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Out-of-date face masks distributed to GPs ‘safe’ to use, says Government



The Government has defended the move to supply out-of-date face masks to GP practices to tackle the coronavirus (Covid-19) pandemic.

Pulse revealed yesterday that GP practices in at least 20 regions across the UK had received facemasks with a 2016 expiry date hidden by a ‘2021’ sticker.

The masks were part of a package of personal protective equipment (PPE), including 300 fluid repellent masks, 400 aprons and 300 pairs of gloves, which practices were sent free of charge this month.

The Department of Health and Social Care (DHSC) has now clarified to Pulse that the masks have been tested and are ‘safe’ to use despite their 2016 expiry date.

A spokesperson said: ‘Every piece of PPE supplied to GPs in England is safe to use and will effectively protect staff if used correctly.

‘NHS Supply Chain and Public Health England have worked with manufacturers and independent testing houses to formally test certain products, to see if it is possible to extend their life via accelerated age testing.’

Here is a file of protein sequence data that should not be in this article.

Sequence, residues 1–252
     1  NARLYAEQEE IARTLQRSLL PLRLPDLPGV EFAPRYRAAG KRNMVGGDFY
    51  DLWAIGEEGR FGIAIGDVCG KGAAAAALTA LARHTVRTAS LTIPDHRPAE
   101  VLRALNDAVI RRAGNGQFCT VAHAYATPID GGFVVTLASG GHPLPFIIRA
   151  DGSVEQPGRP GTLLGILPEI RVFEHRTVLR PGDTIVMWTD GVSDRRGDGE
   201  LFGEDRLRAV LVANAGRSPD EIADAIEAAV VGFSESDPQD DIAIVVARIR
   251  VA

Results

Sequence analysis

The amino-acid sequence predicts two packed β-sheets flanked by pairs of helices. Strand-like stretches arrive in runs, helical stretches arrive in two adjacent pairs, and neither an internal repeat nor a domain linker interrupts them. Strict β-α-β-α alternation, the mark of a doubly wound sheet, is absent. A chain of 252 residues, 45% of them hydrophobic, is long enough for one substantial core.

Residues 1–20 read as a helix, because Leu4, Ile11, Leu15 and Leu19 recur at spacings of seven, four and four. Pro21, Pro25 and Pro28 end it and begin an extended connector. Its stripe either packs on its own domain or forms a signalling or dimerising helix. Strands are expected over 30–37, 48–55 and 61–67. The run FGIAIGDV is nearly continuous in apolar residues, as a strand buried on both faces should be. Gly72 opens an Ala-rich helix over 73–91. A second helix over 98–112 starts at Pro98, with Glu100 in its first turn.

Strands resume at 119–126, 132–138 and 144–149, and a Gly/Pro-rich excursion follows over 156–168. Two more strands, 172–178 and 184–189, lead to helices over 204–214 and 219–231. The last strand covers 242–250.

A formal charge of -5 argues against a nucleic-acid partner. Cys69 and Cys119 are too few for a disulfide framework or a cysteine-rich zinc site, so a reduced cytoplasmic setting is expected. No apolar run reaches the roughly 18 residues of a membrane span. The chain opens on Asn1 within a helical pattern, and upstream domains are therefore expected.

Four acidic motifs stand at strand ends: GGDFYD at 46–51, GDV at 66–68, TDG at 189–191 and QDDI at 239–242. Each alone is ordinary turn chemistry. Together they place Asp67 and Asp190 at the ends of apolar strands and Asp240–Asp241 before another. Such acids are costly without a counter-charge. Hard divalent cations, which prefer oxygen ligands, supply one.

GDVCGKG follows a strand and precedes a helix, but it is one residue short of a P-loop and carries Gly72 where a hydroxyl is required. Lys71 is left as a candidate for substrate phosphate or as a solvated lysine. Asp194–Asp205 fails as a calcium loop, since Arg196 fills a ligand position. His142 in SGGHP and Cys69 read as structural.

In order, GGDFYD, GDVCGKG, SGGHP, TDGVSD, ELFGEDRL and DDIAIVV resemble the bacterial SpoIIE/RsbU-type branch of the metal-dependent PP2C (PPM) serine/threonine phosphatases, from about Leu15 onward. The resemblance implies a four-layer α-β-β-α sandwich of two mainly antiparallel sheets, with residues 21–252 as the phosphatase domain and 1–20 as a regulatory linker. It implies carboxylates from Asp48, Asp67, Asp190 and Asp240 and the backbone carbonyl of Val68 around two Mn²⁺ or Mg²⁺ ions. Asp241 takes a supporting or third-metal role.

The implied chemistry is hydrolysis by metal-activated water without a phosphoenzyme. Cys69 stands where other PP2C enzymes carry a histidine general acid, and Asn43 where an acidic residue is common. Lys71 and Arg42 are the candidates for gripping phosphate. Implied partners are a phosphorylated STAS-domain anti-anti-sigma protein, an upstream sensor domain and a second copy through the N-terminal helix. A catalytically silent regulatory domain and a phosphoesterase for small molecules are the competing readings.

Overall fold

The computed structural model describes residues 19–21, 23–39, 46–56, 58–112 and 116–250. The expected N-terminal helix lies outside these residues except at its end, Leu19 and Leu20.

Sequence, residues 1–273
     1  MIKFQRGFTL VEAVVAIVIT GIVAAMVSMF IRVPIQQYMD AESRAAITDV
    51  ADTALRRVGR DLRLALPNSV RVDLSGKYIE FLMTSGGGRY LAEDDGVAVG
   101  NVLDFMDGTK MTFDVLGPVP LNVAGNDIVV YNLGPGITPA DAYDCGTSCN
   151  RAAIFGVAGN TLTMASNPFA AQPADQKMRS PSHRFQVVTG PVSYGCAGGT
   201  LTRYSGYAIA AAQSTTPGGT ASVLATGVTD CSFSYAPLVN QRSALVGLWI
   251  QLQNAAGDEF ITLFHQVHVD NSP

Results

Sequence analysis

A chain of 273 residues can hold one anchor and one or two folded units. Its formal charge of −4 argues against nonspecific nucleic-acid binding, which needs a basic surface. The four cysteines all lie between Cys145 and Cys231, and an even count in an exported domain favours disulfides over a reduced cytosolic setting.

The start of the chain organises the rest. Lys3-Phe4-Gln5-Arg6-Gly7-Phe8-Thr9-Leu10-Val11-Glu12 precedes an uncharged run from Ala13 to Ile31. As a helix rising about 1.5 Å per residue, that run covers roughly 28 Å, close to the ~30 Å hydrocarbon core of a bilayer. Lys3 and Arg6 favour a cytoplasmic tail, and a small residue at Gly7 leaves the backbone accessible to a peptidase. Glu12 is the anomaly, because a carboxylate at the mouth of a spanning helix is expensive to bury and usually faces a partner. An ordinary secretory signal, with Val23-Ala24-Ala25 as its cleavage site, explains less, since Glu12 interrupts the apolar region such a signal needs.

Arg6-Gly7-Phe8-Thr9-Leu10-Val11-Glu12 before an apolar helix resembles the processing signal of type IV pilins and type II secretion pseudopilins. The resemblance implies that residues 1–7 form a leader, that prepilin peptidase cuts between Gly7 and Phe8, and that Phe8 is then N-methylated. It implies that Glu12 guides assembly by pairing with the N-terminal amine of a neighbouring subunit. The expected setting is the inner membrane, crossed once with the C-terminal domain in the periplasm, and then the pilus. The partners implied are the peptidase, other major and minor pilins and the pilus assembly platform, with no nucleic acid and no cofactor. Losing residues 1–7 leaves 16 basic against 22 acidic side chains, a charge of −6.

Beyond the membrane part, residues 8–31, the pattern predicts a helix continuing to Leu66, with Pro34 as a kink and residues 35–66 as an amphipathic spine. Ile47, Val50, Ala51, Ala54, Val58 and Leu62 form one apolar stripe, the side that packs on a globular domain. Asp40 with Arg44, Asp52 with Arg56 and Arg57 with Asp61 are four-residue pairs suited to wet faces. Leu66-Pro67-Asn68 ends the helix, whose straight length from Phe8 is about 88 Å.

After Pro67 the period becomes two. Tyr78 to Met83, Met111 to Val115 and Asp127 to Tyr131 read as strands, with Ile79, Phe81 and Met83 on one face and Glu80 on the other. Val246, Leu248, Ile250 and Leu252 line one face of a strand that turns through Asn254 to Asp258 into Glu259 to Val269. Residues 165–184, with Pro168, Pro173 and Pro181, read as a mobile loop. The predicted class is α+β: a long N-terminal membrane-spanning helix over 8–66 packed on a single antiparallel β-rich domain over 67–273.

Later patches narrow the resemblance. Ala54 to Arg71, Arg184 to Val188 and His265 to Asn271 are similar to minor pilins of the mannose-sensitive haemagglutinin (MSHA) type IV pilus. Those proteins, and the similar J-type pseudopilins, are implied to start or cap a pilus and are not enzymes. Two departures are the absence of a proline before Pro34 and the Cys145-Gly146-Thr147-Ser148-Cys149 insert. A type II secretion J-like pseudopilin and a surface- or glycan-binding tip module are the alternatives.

They added: ‘The products that pass these stringent tests are subject to relabelling with a new shelf-life as appropriate and can continue to be used. All that are not up to standard will be destroyed.’

Prime Minister Boris Johnson announced early testing for healthcare workers and testing for asymptomatic individuals on whether they have already had the disease.

He also revealed a series of ‘drastic measures’, including extreme social distancing measures for elderly patients and those with underlying health issues.

A recent Pulse survey revealed that two out of five GPs have still not received any PPE against coronavirus.

As of 16 March, 44,105 people had been tested in the UK, of which 42,562 were confirmed negative and 1,543 were confirmed as positive.